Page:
4 Aug

SQL Tip-6 | Use Covering Index to solve key lookup issues

Do you have Key Lookup problem? Key lookup taking most of the query time. then probably this is the best time to know more about covering indexes. Covering Index can solve all key lookup problems. A Non Clustered Index which contains all columns which are referred by a Query (in Select, Where or Join) is called Covering Index.

To know more read Using Covering Index.

Happy Learning 🙂

Thanks,
Sarabpreet Singh Anand
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23 Jul

SQL Tip-3 | Don’t Shrink your Database

You should avoid shrinking your database until and unless it becomes unmanageable. Shrinking is a Resource intensive task, Moreover it introduces high degree of fragmentation which affects performance.

Let’s say you shrink a Database, Now if the data is growing in your database the data\log file will reserve more space by auto-growth (if configured) to meet the new requirements. So it does the same work again, Moreover your data is now fragmented which needs to be fixed by doing maintenance activity.

So, The best way to keep free space manageable in your data\log files is to configure Auto-Growth setting with fixed numbers (size) rather than using Percentage (%) value, this will make the auto-growth predictable and ensure that the growth will not go beyond a certain limit.

Happy Learning 🙂

Thanks,
Sarabpreet Singh Anand
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18 Jul

SQL Tip-2 | Make Sure the startup type of your SQL Service is Automatic*

I know this one is very basic but in the recent past I noticed a couple of environments where the startup type of SQL Server Agent was set to manual which resulted in lot of issues.

Long story cut short – if your SQL Server is not clustered make sure the startup type is set to Automatic so that services can come online after a system reboot. Always use SQL Server Configuration Manager to change any property (including startup type) for any SQL related service.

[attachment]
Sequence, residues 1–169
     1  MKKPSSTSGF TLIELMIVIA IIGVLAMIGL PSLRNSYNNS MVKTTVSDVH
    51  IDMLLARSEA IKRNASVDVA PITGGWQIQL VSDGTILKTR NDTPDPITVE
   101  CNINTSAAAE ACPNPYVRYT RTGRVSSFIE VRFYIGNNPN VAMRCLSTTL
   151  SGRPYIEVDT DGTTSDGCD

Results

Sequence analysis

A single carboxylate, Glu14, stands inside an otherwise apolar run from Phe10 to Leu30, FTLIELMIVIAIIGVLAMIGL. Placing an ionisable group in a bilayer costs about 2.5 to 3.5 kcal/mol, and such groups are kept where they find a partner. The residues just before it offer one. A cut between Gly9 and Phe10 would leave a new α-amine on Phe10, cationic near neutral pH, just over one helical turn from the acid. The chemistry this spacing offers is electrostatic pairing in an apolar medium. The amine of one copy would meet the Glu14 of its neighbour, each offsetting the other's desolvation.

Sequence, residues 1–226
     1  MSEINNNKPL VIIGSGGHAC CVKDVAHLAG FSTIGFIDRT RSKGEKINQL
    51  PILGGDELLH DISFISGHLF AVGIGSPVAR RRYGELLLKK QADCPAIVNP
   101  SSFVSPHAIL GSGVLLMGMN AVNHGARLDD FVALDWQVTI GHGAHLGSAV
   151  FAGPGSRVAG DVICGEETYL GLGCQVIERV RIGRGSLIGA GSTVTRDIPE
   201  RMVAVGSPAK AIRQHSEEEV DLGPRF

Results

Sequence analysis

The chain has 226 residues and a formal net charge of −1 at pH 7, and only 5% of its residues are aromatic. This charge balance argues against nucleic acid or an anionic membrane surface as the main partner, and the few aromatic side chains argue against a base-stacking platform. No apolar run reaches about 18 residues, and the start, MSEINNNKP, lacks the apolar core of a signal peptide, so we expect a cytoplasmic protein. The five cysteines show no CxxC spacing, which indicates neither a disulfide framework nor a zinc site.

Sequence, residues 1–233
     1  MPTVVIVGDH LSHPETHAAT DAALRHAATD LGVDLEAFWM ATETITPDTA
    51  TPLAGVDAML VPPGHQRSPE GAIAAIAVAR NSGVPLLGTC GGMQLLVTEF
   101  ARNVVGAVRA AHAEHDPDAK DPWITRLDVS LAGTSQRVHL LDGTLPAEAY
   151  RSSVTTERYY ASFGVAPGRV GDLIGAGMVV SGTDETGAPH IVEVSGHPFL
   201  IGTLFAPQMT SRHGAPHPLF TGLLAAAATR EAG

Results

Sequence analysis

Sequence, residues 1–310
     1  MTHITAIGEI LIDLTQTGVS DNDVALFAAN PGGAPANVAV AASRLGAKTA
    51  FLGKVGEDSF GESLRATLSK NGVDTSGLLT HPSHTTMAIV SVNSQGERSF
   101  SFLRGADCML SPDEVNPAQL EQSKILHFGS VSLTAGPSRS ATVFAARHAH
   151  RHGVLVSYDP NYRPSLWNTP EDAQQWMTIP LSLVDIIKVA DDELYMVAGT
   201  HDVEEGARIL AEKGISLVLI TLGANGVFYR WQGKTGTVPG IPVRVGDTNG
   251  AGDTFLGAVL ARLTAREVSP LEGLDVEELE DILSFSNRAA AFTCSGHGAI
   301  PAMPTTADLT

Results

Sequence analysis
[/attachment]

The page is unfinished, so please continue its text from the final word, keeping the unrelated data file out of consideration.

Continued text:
Incase your SQL Server is clustered its better to keep the startup mode to Manual so that cluster service can take a decision & start the relevant node’s service based on Quorum.

 

Thanks,
Sarabpreet Singh Anand
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17 Jul

SQL Tip-1 | Don’t forget to recycle your SQLServer ErrorLog

Many a times I’ve seen that DBAs forget to recycle the ErrorLog of their critical SQLServers. Now I also understand that SQLServer Error Log is very important & can help you troubleshoot many issues so in theory there is nothing wrong with a large Error Log but at times this could be very frustrating.

Let’s assume you are trying to resolve a severity case and already under pressure – giving updates to n number of people on a Bridge Call, handling multiple pings from Higher management\Clients and at the same time making sure you resolve the issue within your SLA.

Now between all of this, you need to get some info from your SQL Server error log, you issue the command sp_ReadErrorLog and wait for your log to get loaded and then it keeps on loading which takes 3-4 minutes to load. I am sure you won’t be able to afford this wait, obviously you can also open the file in Notepad but that will also take some time depending on the size of file & you must be on the same server and also need to locate the folder.

Since SQL Server will recycle Error Log only at the time of starting the service until and unless you’ve recycled it explicitly. The best option would be to recycle the errorlog manually on a certain interval (based on the usage & growth rate) .

You can use any one out of the two below mentioned commands in order to recycle Error Log.

sp_cycle_errorlog

or

DBCC ErrorLog

This command will just recycle the errorlog of your SQL Server without any restart, which means if you are recycling your errorlog every 7 days – you’ll be having a fresh errorlog every 7th day without any downtime and your last errorlog will be archived & renamed to ErrorLog.1

Note: Make sure you also increase the log retention limit before recycling your errorlogs, To know more read: Do you know you can increase number of archived Errorlogs

Thanks,
Sarabpreet Singh Anand
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